CAIRO: The EU’s foreign policy Chief Catherine Ashton headed to meet ousted Egyptian president Mohamed Morsi early Tuesday as his supporters rallied anew in Cairo.
A senior Egyptian source said the top diplomat was headed to visit the deposed leader, who has not been seen in public since his July 3 ouster.
In Cairo, meanwhile, Morsi’s supporters marched towards security headquarters, despite warnings from authorities for them not to exceed their rights to peaceful protest.
Tensions have been running high since dozens were killed at a pro-Morsi rally in Cairo on Saturday.
Khaled al Khateeb, the head of the central administration of Egypt’s emergency services, on Monday night revised the toll in the clashes up to 82, including a police officer who died of his wounds.
The health ministry had earlier given a toll of 72.
The White House “strongly” condemned the recent violence, and urged the military-backed interim government to respect the rights of demonstrators.
In Cairo to discuss the political stand off, Ashton headed to meet Morsi in the early hours of Tuesday, a senior Egyptian official told AFP.
“She went to see him where he is being held. She isn’t back yet,” the source said on condition of anonymity, shortly after midnight.
Other sources told AFP that Ashton had left Cairo in a military helicopter heading to the undisclosed location where Morsi is being held.
The former president, deposed in a July 3 coup after massive protests against his rule, has not been seen publicly since his ouster.
On her last visit on July 17, Ashton unsuccessfully requested to meet him and urged his release.
His supporters have rallied daily for his reinstatement and on Monday marched from a key Cairo sit-in to several security headquarters.
The marches raised fears of fresh clashes, but demonstrators kept their distance from security forces and headed back to their protest tent city after the demonstrations.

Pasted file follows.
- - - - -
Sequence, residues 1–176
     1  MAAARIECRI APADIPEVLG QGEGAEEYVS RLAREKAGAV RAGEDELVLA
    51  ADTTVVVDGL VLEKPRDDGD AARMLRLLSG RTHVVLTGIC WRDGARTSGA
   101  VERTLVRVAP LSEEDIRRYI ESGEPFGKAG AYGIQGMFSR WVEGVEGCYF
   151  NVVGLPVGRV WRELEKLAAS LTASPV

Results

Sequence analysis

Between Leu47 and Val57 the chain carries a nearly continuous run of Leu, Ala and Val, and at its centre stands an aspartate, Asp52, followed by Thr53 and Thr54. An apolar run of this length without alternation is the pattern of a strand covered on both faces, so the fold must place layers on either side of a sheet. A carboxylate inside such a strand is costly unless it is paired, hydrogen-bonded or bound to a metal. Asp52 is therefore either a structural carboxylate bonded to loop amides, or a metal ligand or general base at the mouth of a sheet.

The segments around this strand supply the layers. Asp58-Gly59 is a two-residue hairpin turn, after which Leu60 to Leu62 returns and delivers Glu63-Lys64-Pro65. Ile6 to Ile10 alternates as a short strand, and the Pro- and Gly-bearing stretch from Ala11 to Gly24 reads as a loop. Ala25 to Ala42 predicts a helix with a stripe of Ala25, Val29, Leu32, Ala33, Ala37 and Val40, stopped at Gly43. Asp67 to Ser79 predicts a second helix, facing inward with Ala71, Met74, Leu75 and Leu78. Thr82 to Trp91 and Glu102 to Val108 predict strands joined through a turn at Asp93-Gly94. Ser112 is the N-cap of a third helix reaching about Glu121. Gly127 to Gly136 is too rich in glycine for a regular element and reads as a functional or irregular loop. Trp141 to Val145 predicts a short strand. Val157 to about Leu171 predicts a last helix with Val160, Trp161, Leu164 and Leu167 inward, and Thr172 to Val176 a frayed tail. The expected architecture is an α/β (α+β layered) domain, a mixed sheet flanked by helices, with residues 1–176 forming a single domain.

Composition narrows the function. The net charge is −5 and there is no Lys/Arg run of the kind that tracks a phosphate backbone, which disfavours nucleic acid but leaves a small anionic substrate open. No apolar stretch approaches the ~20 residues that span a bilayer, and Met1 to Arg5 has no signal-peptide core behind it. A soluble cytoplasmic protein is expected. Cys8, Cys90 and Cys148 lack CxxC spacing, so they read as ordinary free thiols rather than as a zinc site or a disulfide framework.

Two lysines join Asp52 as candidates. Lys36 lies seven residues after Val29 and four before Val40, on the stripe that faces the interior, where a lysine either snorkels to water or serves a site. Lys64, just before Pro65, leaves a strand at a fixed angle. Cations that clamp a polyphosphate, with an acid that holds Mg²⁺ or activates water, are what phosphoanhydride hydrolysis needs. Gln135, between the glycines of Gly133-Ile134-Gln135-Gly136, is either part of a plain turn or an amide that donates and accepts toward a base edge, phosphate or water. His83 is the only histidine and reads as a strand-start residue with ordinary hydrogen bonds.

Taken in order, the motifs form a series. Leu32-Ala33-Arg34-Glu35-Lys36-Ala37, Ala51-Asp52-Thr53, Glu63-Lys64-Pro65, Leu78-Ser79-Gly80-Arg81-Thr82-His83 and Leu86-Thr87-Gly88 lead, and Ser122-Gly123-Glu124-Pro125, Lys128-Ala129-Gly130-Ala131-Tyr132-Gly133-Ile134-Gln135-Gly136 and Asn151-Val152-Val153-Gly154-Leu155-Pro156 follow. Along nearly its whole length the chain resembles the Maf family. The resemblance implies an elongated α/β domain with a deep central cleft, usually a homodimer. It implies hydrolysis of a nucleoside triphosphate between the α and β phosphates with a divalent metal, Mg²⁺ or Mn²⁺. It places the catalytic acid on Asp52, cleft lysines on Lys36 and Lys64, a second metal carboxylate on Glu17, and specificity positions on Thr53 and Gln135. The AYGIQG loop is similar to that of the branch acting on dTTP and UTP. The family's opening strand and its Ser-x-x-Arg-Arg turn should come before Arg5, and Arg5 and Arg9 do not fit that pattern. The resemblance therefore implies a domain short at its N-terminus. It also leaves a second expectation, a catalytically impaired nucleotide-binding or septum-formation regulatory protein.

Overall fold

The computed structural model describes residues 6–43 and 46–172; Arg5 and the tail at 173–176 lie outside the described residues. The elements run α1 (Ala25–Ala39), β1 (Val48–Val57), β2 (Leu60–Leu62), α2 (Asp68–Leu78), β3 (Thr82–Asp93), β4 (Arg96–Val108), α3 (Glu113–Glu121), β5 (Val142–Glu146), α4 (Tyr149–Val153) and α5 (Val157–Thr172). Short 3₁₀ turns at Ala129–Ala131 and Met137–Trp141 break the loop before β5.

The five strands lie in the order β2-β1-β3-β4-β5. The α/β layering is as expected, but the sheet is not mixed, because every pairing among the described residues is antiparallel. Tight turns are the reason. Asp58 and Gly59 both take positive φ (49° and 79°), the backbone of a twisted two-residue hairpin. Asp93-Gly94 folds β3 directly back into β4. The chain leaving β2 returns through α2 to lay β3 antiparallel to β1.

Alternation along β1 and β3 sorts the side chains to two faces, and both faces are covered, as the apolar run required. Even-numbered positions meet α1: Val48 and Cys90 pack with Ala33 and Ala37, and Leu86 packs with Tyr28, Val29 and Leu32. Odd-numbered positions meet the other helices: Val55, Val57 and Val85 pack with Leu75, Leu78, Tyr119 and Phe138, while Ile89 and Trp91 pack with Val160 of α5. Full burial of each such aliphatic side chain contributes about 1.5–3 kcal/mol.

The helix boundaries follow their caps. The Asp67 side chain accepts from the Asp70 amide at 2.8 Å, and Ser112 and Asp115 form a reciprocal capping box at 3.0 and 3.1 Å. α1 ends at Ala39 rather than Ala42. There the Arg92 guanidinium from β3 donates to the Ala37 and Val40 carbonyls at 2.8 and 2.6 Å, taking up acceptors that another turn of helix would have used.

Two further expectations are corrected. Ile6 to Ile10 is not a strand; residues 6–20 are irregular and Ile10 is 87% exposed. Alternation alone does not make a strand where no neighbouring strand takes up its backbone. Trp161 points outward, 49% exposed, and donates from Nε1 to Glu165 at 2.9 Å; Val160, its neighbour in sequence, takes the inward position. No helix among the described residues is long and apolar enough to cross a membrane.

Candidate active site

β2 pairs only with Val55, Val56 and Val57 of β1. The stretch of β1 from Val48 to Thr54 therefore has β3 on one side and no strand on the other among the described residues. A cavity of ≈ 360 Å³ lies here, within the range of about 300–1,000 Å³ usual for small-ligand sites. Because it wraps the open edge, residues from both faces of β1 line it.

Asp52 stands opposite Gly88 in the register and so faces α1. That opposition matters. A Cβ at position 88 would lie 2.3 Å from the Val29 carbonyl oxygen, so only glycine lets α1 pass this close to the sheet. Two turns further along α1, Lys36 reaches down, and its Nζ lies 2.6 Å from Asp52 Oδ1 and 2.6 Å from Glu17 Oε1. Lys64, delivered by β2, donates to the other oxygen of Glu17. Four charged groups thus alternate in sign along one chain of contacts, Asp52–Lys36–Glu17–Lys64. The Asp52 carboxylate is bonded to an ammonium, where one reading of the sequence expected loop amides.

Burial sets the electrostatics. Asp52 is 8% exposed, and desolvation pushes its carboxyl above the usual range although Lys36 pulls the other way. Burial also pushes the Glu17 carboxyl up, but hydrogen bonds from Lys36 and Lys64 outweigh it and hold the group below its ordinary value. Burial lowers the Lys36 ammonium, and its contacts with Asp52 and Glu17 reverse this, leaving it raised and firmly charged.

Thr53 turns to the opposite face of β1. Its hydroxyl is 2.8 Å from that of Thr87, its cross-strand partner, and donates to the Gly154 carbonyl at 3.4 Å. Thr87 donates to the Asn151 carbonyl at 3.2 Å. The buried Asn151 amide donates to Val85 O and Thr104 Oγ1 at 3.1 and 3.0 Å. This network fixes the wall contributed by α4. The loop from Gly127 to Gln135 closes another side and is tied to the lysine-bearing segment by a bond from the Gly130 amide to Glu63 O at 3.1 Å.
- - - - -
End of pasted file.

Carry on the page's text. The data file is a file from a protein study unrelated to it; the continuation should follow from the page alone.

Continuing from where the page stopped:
In the eastern city of Ismailia however, a security source said clashes between Morsi supporters and opponents had broken out, injuring 18.
The Anti-Coup Alliance that protested against Morsi’s ouster also called Monday for “a million person march under the banner of ‘Martyrs of the Coup’ on Tuesday.”
They urged Egyptians “to go out into the streets and squares, to regain their freedom and dignity – that are being usurped by the bloody coup – and for the rights of the martyrs assassinated by its bullets”.
The call came after the National Defence Council warned protesters “not to exceed their rights to peaceful, responsible expression of their opinions,” warning that they would face “decisive and firm decisions and actions in response to any violations”.
The military also urged protesters not to “approach military facilities or units, (and) help us to protect your safety.”
Ashton, who arrived in Cairo late Sunday, held talks with a string of officials throughout Monday, including interim president Adly Mansour, vice president for international affairs Mohamed El Baradei and army chief General Abdel Fattah al Sisi.
On Monday night, she also met representatives of the pro-Morsi coalition, who said that “no initiatives” to resolve the crisis had been discussed.
The bloodshed in the Arab world’s most populous nation has sparked mounting international concern.
“The United States strongly condemns the bloodshed and violence,” the White House said in a statement, urging the interim government to respect demonstrators’ rights.
A group of Egyptian NGOs issued a statement on Monday calling for Interior Minister Mohamed Ibrahim to be sacked for what it called Saturday’s “massacre”.
“The interior minister should be dismissed and held accountable for his actions,” the groups wrote. But they also urged Morsi supporters to “take action to persuade their colleagues and leaders to renounce” violence.
In its first comments on the bloodshed, the interim presidency said Sunday that it was “saddened” by the deaths, but dubbed the protest area where they occurred a “terror-originating spot”.
A crackdown on Morsi supporters continued Monday, with the arrest of the president and vice president of the Wasat party, which has protested the July 3 coup.
Morsi is being held on suspicion of crimes relating to his escape from prison during the 2011 uprising that overthrew President Hosni Mubarak.
In the Sinai Peninsula meanwhile, a security source said two policemen were killed in separate shooting attacks in El Arish.
And in Cairo, 15 people were killed in a brawl between street vendors and shop owners over space – including 13 who died in a fire.